North Dakota Speeding Laws

Read about North Dakota’s speeding laws and the consequences of getting a speeding ticket.

Like most other states, North Dakota has two types of speeding laws: “absolute speed limits” and a “basic speeding law.” This article explains the differences between the two and the consequences of each type of violation.

Basic Speeding Law

North Dakota’s basic speeding law prohibits driving at a speed greater than is reasonable and prudent under the existing conditions having regard to the actual and potential hazards then existing. It’s, therefore, possible for a motorist to violate the basic speed law without exceeding a posted speed limit. (N.D. Cent. Code Ann. § 39-08-03 (2017).)

Absolute Speed Limits

There is no trick to how North Dakota’s absolute speed limits work: If the sign says the speed limit is 40 miles per hour and you drive faster than 40 miles per hour, you’ve violated the law.

Unless otherwise posted, North Dakota’s absolute speed limits are:

  • 75 miles per hour on access-controlled, paved and divided, multilane interstate highways
  • 70 miles per hour on paved and divided multilane highways
  • 65 miles per hour on paved two-lane highways if posted for that speed
  • 55 miles per hour on gravel, dirt, or loose surface highways, and on paved two-lane county and township highways if there is no speed limit posted
  • 25 miles per hour on any highway in a business district or in a residence district or in a public park, and
  • 20 miles per hour in school zones and in certain circumstances where the driver’s visibility is obstructed or limited.

(N.D. Cent. Code Ann. § 39-09-02 (2017).)

Penalty for Exceeding Speed Limit

For a violation of North Dakota’s basic speeding law, the fine is $30. Fines for exceeding an absolute speed limit depend on the driver’s speed. Generally, the following penalties apply:

  • 1 to 5 miles per hour over the limit. Fine of $5.
  • 6 to 10 miles per hour over the limit. Fine of $5 plus $1 for each mile per hour in excess of five miles per hour that the driver exceeds the limit.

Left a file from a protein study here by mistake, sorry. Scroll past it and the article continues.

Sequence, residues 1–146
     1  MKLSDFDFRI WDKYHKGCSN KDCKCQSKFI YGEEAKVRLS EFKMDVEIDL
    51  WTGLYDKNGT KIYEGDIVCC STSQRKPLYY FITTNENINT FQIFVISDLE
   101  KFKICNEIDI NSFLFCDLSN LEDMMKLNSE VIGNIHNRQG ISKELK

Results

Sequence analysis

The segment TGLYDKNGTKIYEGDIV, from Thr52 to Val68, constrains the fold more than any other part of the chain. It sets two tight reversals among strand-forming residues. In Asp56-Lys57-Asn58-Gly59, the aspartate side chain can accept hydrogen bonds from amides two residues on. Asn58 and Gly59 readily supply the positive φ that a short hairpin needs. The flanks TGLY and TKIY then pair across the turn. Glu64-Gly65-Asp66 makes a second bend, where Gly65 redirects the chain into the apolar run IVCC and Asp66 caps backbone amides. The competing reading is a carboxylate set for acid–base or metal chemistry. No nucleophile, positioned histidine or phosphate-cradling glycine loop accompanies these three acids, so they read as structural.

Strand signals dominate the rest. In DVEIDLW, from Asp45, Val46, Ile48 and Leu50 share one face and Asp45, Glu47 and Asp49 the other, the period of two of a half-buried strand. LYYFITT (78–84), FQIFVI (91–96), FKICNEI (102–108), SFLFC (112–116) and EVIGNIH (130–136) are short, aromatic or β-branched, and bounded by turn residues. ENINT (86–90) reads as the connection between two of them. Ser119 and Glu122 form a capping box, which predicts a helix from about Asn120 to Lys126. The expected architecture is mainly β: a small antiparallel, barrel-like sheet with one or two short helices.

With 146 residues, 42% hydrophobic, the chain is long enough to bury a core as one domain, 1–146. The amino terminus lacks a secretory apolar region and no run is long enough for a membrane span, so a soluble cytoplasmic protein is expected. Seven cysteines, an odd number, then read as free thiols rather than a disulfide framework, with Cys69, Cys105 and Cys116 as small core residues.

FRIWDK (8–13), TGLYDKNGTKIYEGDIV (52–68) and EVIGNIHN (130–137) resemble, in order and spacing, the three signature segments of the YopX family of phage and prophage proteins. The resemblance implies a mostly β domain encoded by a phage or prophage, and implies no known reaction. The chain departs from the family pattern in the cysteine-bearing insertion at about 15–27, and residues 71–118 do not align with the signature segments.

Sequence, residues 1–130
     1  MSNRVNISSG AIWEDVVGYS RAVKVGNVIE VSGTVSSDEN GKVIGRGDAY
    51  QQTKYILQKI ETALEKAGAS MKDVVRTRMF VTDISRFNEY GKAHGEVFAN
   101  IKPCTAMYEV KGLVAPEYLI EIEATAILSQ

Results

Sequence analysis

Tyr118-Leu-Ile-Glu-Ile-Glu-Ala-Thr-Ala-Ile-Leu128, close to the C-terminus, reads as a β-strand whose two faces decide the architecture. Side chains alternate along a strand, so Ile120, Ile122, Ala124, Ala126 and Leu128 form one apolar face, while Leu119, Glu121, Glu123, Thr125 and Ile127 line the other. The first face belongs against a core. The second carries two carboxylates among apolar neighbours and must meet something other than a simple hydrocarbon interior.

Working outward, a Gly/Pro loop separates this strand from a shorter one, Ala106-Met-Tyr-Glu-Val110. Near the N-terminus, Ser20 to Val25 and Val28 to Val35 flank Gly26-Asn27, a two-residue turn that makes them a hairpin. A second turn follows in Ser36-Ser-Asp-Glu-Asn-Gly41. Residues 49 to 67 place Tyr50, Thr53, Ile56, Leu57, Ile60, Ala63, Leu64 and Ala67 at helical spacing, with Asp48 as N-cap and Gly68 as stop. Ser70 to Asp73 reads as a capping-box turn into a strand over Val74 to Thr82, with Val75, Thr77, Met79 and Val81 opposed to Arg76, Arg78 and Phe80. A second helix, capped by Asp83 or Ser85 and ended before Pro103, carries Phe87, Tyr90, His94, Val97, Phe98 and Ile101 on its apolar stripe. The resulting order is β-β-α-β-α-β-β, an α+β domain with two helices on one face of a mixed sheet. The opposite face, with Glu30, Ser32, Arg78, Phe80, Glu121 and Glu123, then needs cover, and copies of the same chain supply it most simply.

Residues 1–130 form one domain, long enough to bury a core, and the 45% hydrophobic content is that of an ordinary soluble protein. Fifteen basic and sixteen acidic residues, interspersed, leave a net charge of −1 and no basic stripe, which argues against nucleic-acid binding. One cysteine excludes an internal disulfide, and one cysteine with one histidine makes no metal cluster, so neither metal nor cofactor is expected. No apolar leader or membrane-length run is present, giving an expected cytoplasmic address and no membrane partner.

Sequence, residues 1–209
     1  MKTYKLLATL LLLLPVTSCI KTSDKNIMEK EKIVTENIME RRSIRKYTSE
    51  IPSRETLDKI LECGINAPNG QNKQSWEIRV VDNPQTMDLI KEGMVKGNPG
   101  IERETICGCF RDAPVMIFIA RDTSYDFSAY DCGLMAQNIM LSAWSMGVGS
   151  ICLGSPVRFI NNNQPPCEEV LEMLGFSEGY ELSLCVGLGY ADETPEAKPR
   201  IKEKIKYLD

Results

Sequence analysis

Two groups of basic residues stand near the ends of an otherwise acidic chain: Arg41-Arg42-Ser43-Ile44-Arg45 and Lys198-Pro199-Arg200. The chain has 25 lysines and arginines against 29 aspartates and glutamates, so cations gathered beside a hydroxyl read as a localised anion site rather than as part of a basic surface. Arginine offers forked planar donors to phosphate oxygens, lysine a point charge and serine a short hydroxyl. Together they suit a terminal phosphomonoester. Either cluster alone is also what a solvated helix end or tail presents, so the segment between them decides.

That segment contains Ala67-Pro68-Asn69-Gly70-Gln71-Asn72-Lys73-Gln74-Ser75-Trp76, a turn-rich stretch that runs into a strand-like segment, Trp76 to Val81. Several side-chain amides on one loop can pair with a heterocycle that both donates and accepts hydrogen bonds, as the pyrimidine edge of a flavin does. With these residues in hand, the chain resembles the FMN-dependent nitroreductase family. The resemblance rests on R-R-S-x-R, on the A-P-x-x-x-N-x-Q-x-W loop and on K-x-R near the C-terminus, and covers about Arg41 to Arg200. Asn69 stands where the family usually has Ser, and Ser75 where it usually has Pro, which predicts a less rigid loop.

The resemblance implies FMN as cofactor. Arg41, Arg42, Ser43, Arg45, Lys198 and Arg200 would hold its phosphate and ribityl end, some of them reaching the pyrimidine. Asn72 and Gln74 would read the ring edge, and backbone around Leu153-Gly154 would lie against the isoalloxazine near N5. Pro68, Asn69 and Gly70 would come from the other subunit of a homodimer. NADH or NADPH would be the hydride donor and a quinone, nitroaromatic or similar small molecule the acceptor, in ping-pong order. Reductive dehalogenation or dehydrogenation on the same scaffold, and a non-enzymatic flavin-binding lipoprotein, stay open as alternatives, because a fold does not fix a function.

• 11 to 15 miles per hour over the limit. Fine of $10 plus $1 for each mile per hour in excess of ten miles per hour that the driver exceeds the limit.  
  • 16 to 20 miles per hour over the limit. Fine of $15 plus $2 for each mile per hour in excess of 15 miles per hour that the driver exceeds the limit.  
  • 21 to 25 miles per hour over the limit. Fine of $25 plus $3 for each mile per hour in excess of 20 miles per hour that the driver exceeds the limit.  
  • 26 to 35 miles per hour over the limit. Fine of $40 plus $3 for each mile per hour in excess of 25 miles per hour that the driver exceeds the limit.  
  • 36 to 45 miles per hour over the limit. Fine of $70 plus $3 for each mile per hour in excess of 35 miles per hour that the driver exceeds the limit.  
  • 46 miles per hour or greater over the limit. Fine of $100 plus $5 for each mile per hour in excess of 45 miles per hour that the driver exceeds the limit.  

And for absolute speed violations on highways with posted speed limits above 55 miles per hour, the fines are:

  • 1 to 10 miles per hour over the limit. $2 for each mile per hour over the limit.  
  • 11 miles per hour or greater over the limit. Fine of $20 plus $5 for each mile per hour in excess of 10 miles per hour that the driver exceeds the limit.  

(N.D. Cent. Code Ann. § 39-06.1-06 (2017).)

Reckless Driving

Depending on the circumstances, speeding could lead to a reckless driving conviction. North Dakota defines reckless driving as operating a vehicle:

  • “in reckless disregard for the rights or safety of others,” or
  • “without due caution and circumspection and at a speed or in a manner so as to endanger or be likely to endanger any person or the property of another.”

Generally, a reckless driving conviction is a class B misdemeanor and carries up to 30 days in jail and/or a maximum $1,500 in fines. (N.D. Cent. Code Ann. §§ 12.1-32-01, 39-08-03 (2017).)

(Learn more about North Dakota’s reckless driving laws.)

Point System

Basic speed law violations and exceeding an absolute speed limit by more than five miles per hour will add points to a motorist’s driving record. Accumulating too many points can lead to license suspension. (N.D. Cent. Code Ann. § 39-06.1-10 (2017).)

(Find out about North Dakota’s traffic violation points system, including the number of points corresponding to different citations.)

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